As I write I’m waiting for the Victoria Derbyshire programme where a fellow-member of SPA (Straightpartnersanonymous.com) is due to speak about his experience of being married to someone who subsequently came out as gay. Due to the current polarisation of debate, most situations are like Cold-War Berlin or trouble-torn Northern Ireland; there’s a wall of brick or iron or barbed wire and any attempts to cross the divide will result in your being shot down or hopelessly entangled in spiky arguments. Debates used to be organised this way: on the one side someone speaks for the motion, on the other side someone else speaks against. Then we debate. But lately rather than attempting to shed light on a subject these things are more like boxing matches: in the blue corner we have x, a feminist author and blogger and in the red corner we have y, a right-wing misogynist. Light blue touch-paper and retire immediately. Victory is decided by social media. Seconds away, round one! Ding!

None of this is helpful, none of it sheds any light on the topic under discussion and none of it helps us to understand each other. At best you can say that certain views are aired, but that’s usually as far as it goes. So this morning I’m hoping for something more enlightening in the generally adversarial debate between those who regard gays coming out as victims or heroes, and those who champion the rights of the betrayed and left-behind partners (spoiler alert: I’m on the side of both.) So hold your horses for an hour or so and I’ll let you know how it goes.

In the meantime, I’d like to tell you about my latest metaphor. I find it helpful to ‘explain’ my life in metaphors and today’s helpful image is that of a coastline. A few decades ago I discovered fractals, which teach us that there are in effect no straight lines but only wiggles. A coastline is a perfect example of this because the further you go in, the smaller the wiggles become: as Blake said, even a grain of sand has a world contained within it – and basically, there’s no such thing in nature as a straight line. Even a coast which appears to be straight will have dips and bends and rocks and inlets and those rocks will themselves have dips and inlets and those inlets will have… and so it goes on. So I consider my life at the moment to be not a city divided by a wall but a coastline that we are exploring together, asking where is the sea? how far does it come in? where is high tide? what bends and dips and curves does the coast have? and so on. It’s not a wall with one of us in the East and another in the West and no way through. It’s not a bouquet of barbed wire. It’s a coast.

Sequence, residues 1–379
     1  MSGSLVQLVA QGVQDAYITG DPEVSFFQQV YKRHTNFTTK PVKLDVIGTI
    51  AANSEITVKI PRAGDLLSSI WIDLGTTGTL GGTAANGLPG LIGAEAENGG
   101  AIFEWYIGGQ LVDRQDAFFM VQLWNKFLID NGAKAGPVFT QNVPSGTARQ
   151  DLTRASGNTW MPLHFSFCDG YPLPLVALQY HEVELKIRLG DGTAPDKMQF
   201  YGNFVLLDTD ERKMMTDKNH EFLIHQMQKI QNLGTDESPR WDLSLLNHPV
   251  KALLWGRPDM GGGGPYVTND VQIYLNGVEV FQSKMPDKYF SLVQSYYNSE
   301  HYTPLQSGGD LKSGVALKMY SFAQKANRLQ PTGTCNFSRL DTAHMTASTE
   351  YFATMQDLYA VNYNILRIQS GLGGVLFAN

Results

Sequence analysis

Aaand – back to Victoria Derbyshire, and wow, I sat through nearly the whole programme before he was on and I have to say it was brilliant, very compassionate and thoughtful. Here‘s the link – and while you’re at it, if you’ve ever watched the VD show could you consider complaining to the BBC about the decision to axe it? Here‘s the link.

Kirk out

A Cinema Moth

image removed on request

When the kids were little we used to see a lot of these in the garden. They’re beautiful as moths but the caterpillars are not so nice; they live on ragwort and can strip a plant to a ragged stalk in a matter of hours. They’re a daytime insect and so are really butterflies rather than moths, but to me they look like a butterfly in evening dress so I dubbed them cinema moths. It amused us to think of them as figures in red gowns and black evening cloaks clustered around the entrance to the cinema.

Alas, I too used to be a species of cinema moth, especially when I lived in Spain where the flicks are cheap and plentiful. I’d sometimes go two or three times a week (though if you were seeing an English language film you’ve have to be careful to choose a VO – a subtitled version – rather than the dubbed films which were impossible to follow.) As I’ve mentioned before I once saw Almodovar in one of these cinemas.

Even before that, and before cinemas here got horribly expensive, I’d go once or twice a week. The cinema was basically your only chance to see a film until it (maybe) came on the telly years later. If you missed it you’d have to wait and see if it ‘came round’ again as popular films sometimes did, otherwise you’d had your chance.